If you are unhappy with the federal pay raise (whether you get it or not), with the performance of political appointees, or with media bias, welcome to the club! Those are some of the subjects readers comment on in today's Monday Morning Quarterback feature.

This is what the readers are saying:

*"Congratulations. Your concept of a Monday Morning Quarterback column is a stroke of sheer genius. You have created the opportunity to devote an entire column to the pillory and vilification of the Reagan administration without seeming to lose what little is left of your journalistic 'objectivity.'

"Now, if only some way could be discovered to subvert the advertising, perhaps the only portion of your newspaper that remains somewhat neutral, the disinformation function of The Washington Post would be complete.

"P.S. Prove me wrong. Print this!" Dentist in Kensington.

*" . . . Monday Morning Quarterback is not a proper title for the column. The name implies futility or what might have been, which is not an appropriate attitude for your column.

"The 3 1/2 percent January raise is probably inequitable, but I think that any fixed percentage raise is unfair to somebody. Although that type of raise is politically popular, it increases the inflationary pressures and is hard to determine. I favor revamping the pay scales along occupational lines, because it would be fairer and permit more equitable averaging with private industry. Are there any comments on this?" G.E.K. in Alexandria.

*"Give us a break, Mike. The day after your story about the federal pay raise appeared my downtown parking lot raised its monthly rate from $95 to $105. Those of us who don't work for the government, who don't get the raises you write about, have to live in the same economy. If you can't stop the raises, at least stop giving the impression that EVERYBODY in town is getting one." R.H. Bethesda.

*"Let's be reasonable! Your column Sept. 2 emphasizes that the president does not feel that an 18 percent raise for federal employes is reasonable because state and local government salaries are not included in the estimate. Our response: Include them! While it is obvious that we will never get the 18 percent it is equally obvious that the 3 1/2 percent raise proposed is too low. All surveys demonstrate this fact.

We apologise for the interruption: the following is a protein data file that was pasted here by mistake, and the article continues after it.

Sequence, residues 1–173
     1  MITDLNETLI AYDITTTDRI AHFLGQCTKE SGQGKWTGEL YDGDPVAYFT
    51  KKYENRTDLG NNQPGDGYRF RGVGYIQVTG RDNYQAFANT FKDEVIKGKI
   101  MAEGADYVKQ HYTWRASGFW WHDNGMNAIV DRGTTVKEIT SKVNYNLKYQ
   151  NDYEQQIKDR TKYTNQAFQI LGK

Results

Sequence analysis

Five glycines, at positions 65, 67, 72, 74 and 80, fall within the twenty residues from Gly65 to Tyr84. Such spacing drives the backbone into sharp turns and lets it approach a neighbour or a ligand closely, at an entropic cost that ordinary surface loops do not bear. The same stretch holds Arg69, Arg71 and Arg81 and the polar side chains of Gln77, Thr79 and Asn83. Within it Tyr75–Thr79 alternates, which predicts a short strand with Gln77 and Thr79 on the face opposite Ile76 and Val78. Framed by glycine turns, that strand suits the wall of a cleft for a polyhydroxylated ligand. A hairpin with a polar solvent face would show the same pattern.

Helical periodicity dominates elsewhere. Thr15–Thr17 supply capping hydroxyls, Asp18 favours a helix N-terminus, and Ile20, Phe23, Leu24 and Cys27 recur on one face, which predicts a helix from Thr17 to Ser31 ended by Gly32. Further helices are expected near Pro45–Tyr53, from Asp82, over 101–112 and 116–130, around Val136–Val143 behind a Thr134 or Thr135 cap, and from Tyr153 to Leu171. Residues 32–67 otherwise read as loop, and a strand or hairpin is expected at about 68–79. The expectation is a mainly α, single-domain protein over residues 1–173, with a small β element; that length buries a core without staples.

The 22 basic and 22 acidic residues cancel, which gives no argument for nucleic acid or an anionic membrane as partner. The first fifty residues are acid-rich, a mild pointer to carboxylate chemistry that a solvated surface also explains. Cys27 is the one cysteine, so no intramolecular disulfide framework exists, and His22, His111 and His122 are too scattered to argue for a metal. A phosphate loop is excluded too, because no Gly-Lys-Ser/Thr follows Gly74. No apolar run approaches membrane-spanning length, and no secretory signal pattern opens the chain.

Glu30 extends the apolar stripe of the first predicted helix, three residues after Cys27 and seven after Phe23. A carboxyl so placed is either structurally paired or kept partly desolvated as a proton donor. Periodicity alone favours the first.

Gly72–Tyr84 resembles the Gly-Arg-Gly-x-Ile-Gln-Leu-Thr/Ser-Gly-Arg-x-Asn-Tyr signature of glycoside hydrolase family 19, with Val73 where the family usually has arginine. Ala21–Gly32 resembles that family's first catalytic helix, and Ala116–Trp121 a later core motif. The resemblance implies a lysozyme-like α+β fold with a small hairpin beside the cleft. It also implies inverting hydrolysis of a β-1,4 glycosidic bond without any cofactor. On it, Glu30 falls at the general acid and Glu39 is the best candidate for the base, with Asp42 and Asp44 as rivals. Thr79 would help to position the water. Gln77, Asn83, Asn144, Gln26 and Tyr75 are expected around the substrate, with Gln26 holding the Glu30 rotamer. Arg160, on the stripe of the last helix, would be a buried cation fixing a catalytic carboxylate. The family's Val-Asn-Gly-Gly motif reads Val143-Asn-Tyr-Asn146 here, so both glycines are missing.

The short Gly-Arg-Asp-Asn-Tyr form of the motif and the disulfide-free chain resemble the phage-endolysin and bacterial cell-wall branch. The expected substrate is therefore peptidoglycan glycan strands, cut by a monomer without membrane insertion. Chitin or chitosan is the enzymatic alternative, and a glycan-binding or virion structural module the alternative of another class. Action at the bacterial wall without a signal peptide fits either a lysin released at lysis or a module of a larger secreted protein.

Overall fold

"The Conference Board of New York has recently conducted one of the most extensive and fair surveys of recent years. It covered 956 major U.S. firms and showed pay increases ranging from 5 percent to 8 percent. Even with state and local government salaries averaged in, the increase due federal employes is 11.2 percent. Would not an increase of 6 1/2 percent be more reasonable?" Sterling (Va.) Salary Surveyor.

*"As a retired government employe I sometimes feel I'll explode with indignation at the shabby treatment accorded career employes by the last few administrations. Federal career employment is an honorable and necessary service. Elected public officials, along with political appointees, could not function without the knowledge, experience and continuity career people provide . . . .

"I want to address the matter of the large number of political positions know as Schedule Cs. They are created as political plums for ex-campaign loyalists who then become leeches siphoning off millions of dollars of government monies as they occupy slots created for them through reorganizations.

"The general public is unaware of the extent and abuse of the political spoils system. Messrs. Donald Devine and David Stockman can begin their 'war on waste' by cutting out useless salaries and positions held by political appointees instead of chipping away at the honest career employes. As they play their charade of cutting back government employment they expand the unemployment rolls and contract out to the tune of millions of dollars of fraud and waste at the taxpayers' expense. This past year's expose of Defense Department contracting out costs with companies charging ridiculously inflated prices for dime store items is a prime example of the absurdity of the bloodletting of career government employes." F.S. Oxon Hill.